Exploring Enchanting Water Canyon—a Multifaceted Gem, Hildale, UT

Length: ~3 Miles roundtrip to the mini waterfall or as long as you’d like to take it, up and over and across the rim.

Difficulty: Moderate+ (To the waterfall is easy, after that, the hike becomes more difficult with elevation gain and a mix of route finding, scrambling, and bouldering. Route finding can be perplexing, if not impossible at the top where it becomes a choose your own adventure experience.)

Elevation gain: 2,208 ft (This only comes into play if you hike beyond the waterfall.)

In the spring, the reward of a short hike (~1.5 miles ea way) is a beguiling, mini waterfall tucked into a slot canyon grotto. Beyond the waterfall, you’ll encounter an interesting, often difficult-to-follow trail that involves some scrambling, bouldering, some exposure, and heights. Not surprisingly, this picturesque canyon is a popular spot for canyoneering. Supposedly you can get to “White Domes” from here, but it’s difficult to ascertain how. I’ll update this post if / when I find a good route to them in the future – cross-country, over the top, or traversing up the rocks from the bottom.

Notes: If you’re in it for the waterfall, early spring is your best bet. The waterfall disappears as the months get hotter and drier. Watch the weather for flash floods. Avoid weekend crowds by going early on a weekday. If you’re going to wander on the rim, I suggest you use GPS or Alltrails, as finding the route back down the canyon can be tricky (understatement). Parking is free.

Getting there: I-15 N to UT-9 E/W State St and UT-59 S to Utah Ave in Hildale. Take Utah Ave to Water Canyon Rd. Follow the dirt road to the parking lot.  

Happy trails!

Kanarra Falls, A Slippery Adventure in Kanarraville, UT

Distance:~4 Miles Roundtrip

Elevation gain: 587

Difficulty: Easy +, the first 0.8 miles is the only uphill portion. After that you’ll need to be mindful about your footing in the stream and on /off ladders and boulders if you attempt them. Know your limitations. It can take 7 hours for a rescue team to get here.

The first section of the trail follows an old access road (approximately 0.8 miles) up into Hurricane Cliffs before wandering into the lower, open sections of the canyon. This wonderful water hike takes you through and next to the stream bed all the way up the canyon. At the first falls you’ll encounter a 15-foot leaning ladder with metal rungs and no handrails. Proceed with caution. A little farther up the trail you will need to scramble over a large boulder (no ladder or hand holds there). Next you have the opportunity to submerge yourself in a natural pool. Finally, you will reach a narrowing slot canyon that will take you to the 2nd and final falls.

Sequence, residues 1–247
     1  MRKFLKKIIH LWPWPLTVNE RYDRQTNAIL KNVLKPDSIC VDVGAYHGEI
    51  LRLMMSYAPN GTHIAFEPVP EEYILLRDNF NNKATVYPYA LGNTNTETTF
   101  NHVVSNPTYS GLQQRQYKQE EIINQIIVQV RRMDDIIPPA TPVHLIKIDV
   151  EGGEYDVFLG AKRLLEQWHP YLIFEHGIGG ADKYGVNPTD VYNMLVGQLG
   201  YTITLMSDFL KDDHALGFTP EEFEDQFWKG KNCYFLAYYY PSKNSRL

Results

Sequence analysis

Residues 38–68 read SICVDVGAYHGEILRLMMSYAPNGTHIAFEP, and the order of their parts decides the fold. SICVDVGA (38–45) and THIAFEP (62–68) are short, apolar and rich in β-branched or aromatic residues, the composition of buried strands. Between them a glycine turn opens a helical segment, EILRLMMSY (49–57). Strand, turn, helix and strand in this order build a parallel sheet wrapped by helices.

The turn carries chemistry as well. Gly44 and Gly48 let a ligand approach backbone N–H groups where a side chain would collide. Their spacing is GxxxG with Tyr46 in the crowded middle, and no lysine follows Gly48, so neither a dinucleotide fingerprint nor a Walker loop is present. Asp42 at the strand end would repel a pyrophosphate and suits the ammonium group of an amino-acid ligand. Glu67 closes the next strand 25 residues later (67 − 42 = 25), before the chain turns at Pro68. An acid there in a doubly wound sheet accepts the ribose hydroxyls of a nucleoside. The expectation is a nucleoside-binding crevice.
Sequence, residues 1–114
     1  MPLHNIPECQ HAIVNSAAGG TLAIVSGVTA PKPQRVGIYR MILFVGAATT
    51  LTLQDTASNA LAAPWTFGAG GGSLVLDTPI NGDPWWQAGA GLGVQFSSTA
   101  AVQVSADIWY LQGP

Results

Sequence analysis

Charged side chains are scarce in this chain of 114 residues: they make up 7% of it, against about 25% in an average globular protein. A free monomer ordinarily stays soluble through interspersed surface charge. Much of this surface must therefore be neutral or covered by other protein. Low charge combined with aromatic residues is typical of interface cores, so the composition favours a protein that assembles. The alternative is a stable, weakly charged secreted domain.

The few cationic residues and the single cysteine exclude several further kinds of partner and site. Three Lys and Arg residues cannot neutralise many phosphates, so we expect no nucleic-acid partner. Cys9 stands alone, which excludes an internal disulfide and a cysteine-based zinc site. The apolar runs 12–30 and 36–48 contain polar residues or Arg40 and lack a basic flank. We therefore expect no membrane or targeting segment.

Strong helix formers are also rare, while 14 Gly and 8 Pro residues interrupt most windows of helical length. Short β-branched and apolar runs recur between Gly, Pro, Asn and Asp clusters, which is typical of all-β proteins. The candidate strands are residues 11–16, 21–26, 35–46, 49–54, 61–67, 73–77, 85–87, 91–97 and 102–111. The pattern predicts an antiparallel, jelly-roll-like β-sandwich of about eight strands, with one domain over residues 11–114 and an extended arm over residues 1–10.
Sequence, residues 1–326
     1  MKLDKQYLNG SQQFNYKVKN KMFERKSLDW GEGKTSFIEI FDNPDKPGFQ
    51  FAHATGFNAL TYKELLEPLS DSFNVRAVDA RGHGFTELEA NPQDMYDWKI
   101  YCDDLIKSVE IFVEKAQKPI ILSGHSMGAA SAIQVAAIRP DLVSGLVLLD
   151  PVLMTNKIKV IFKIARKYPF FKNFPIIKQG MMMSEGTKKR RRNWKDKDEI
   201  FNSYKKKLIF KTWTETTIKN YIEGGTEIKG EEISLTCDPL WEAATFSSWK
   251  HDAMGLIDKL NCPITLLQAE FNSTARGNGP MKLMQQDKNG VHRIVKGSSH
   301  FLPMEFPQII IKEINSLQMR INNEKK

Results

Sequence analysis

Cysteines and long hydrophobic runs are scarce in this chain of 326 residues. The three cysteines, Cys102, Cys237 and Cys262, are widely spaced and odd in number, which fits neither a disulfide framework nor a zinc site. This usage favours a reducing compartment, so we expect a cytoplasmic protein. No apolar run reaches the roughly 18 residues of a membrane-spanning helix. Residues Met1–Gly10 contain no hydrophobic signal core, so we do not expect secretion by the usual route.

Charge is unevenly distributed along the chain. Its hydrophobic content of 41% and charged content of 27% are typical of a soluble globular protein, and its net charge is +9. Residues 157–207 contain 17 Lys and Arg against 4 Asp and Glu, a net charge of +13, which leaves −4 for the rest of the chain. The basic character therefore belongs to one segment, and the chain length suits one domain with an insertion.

WARNING: Flash floods can occur at any time of year but are most common from July through September in the late afternoons.

Notes: Requires a nonrefundable permit for $12 per person. (WORTH IT.) Happy they permit this hike to limit the number of people per day and keep it clean. Previously, I heard it was overrun and there was littering everywhere. (Red Reef should follow this example.)

Open from dawn to dusk.

Water shoes and hiking poles recommended.

No dogs. Please use bathrooms at the trailhead. This is a watershed for the town of Kanarraville—human and pet waste contaminate.

Getting there: From Cedar City, take 1-15 South and then exit at 51, Kanarraville (if you’re coming from the south, on I-15, take exit 42). Either way, go east on 100 North, drive to the end of the road and the trailhead parking lot.

Happy trails!

LEAVE NO TRACE.

Ashdown Gorgeous: Chasing Waterfalls

Distance: ~9+ miles RT

Elevation gain: ~700-1k FT 

Difficulty: Not technically difficult, but not for tenderfoots either. Teva or Keen style water shoes, or waterproof hikers are highly recommended as you are constantly in and out of the creek and the terrain is all rock, all the time. There is a wonderful payoff for those who persevere.

Ashdown Gorge Trail is an out and back, slot canyon trail that follows a rocky, turquoise creek as it flows under overhangs and between shear limestone cliffs. The views are spectacular and dizzying at times.

This is a refreshing hike with plenty of opportunities to cool off. If you’re hiking on a cool day, the water crossings can be chilly.I hiked it a couple weeks ago and jumped into a little pool. This time, Labor Day weekend, it was too chilly for me to dunk in under the falls. Low temps in the area are dropping into the 30s next week.

Notes: At mile 3.5, the creek/trail forks. (It’s easy to miss if you aren’t paying attention.)  Take the trail to the left to discover the 2 wonderful waterfalls of Lake Creek and Rattlesnake Creek (adds 2 miles roundtrip). Stay straight to experience the slot canyon cracking open to the big sky of the gorge. Be prepared for weather and don’t attempt this hike if there is rain in the forecast due to the danger of flash floods.

Tip: Post hike libations and sustenance at Don Miquel’s in Cedar City highly recommended.

Getting there: 15N to exit 57 to UT-130 to UT 14E UT (about 15 minutes form Cedar City) You can access the trail via the large pullout area along the 14 or via the Rattlesnake Trail, Crystal Springs / Potato Hollow Trail.